By David Wang
When the alarm went off in the wee hours of the early morning, Jesse DiLevo rubbed his eyes sleepily and tossed himself out of bed. He stared at his dimly lit clock and the clock stared back at him. 4:15 AM. Tick-tock-tick-tock. Today was a Tuesday, which also happened to be an A day, so he knew he would have to be at the school by 6:25 AM to teach morning swim. Routine spared him 15 precious minutes to get dressed, brush his teeth, and pack his breakfast. His car, a black 2018 Kia Optima, was waiting in the driveway. The car veered onto Nichols Road and onto the Long Island Expressway, as Jesse DiLevo left his home in Selden to work as a high school P.E. teacher.
His morning trip from Selden took 50 minutes, and his trip back home will take a little more than an hour—give or take traffic. Selden is a plain suburban town with 20,000 residents, a town 41 miles east of Great Neck and right out Exit 62N on the LIE, smack dab in the heart of Suffolk County. It is a town much like Great Neck, with a school district that has two high schools. k. Jesse and his twin brother Dylan DiLevo both grew up in Selden and went to Newfield High School, where Jesse ran track, played football, and wrestled for the Newfield Wolverines.
In the summer of 2011, DiLevo drove to the far reaches of upstate New York to attend SUNY Cortland and earn a degree in Physical Education.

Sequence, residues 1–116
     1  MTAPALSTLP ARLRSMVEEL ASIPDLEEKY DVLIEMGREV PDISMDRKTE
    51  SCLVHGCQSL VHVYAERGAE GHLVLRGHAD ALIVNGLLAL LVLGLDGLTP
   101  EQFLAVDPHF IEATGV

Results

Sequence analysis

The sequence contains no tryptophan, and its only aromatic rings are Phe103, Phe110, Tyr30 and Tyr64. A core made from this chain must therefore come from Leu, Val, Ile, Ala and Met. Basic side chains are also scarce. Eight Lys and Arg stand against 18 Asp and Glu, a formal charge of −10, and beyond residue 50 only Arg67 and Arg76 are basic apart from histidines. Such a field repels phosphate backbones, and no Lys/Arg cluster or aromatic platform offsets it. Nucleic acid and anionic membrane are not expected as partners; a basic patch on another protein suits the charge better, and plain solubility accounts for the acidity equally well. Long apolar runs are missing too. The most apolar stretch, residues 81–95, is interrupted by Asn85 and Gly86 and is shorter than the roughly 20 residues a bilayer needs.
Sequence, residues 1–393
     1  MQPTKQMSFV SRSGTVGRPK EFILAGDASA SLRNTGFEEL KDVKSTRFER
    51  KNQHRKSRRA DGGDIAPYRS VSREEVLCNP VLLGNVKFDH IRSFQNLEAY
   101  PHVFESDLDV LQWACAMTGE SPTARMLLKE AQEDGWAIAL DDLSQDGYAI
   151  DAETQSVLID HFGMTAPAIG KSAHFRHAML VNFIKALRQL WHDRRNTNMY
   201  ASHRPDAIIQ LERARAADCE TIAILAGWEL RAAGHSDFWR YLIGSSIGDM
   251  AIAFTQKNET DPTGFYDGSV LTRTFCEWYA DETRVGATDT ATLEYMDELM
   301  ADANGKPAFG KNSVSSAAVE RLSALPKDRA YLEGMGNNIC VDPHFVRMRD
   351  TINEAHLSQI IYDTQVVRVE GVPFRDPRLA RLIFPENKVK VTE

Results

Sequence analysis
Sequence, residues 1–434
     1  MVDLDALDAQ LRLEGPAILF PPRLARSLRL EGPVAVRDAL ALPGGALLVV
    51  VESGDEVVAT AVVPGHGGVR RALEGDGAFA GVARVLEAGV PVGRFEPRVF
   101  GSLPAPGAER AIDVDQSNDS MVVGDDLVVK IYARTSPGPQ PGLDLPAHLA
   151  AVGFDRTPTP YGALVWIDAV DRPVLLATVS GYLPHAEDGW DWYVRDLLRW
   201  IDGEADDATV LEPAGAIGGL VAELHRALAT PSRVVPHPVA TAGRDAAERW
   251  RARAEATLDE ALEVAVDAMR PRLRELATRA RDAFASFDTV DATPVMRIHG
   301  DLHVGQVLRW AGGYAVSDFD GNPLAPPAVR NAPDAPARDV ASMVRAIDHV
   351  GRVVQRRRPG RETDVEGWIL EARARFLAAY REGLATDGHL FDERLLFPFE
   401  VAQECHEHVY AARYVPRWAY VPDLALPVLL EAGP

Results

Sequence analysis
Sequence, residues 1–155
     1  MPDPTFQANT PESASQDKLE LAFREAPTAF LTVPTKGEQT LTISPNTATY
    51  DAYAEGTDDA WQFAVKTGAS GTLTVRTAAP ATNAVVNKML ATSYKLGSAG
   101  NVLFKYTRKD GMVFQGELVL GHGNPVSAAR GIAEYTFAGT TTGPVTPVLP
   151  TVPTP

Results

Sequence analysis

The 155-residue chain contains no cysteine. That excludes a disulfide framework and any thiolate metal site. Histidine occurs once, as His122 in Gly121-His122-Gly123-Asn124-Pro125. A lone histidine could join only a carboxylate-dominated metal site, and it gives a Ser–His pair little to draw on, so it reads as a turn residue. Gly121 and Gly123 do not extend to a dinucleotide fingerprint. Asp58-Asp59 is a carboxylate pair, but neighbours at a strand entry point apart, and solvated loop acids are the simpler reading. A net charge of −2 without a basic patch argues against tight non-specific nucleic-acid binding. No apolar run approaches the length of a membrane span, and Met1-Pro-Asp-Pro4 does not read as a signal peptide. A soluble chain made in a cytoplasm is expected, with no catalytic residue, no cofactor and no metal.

During his time at Play Rugby USA, DiLevo was in charge of organizing the NYC Cup, an annual rugby competition that draws youth rugby teams from all five boroughs. “A few schools really stood out to me…some kids that I coached that were from Harbor Heights,” he said. Harbor Heights is a run down middle school up by Fort Washington, near the northern tip of Manhattan island.
If you search ‘Harbor Heights’ up on Google, you won’t find much. Niche.com rates the school as a lowly C-. Yet there is a vibrant Hispanic community around the school and many of the kids there speak Spanish better than they speak English. “There was a language barrier, but they were eager to just be there. They’d never heard of rugby before and I was there to give them a brand new experience. Those kids definitely stick out in my mind.”
Randall’s Island is at the fork of the Harlem and the East River and is a short drive over the Robert F. Kennedy Bridge from East Harlem. You can almost see the entire New York City skyline from one of the fields on Randall’s Island, a soaring beacon of hope to the kids of the inner-city that even though they may be trying to make ends meet, that one day they will achieve dreams beyond the tallest skyscrapers.
“I don’t remember which team won. I remember there being 700-something kids there, and it poured—I mean, it was just raining so heavily, but that didn’t stop anybody, everyone still showed up, teams were there, parents were there, and they toughed out the weather all day.”
“I’m taking a few classes at Brockport, which is nearby, to try and get a Health Certificate,” he says, a faint smile breaking across his face.
“So you wanna teach health and coach some teams at South?” I ask.
He nods. “Yeah, that’s the goal.”
But no matter what comes to pass, DiLevo’s heart will still be with the bright-eyed kids from Harbor Heights Middle School, and Fields 72 to 75 on the southeastern tip of Randall’s Island, and the rugby fields of the Suffolk Bull Mooses, and the quiet town of Selden.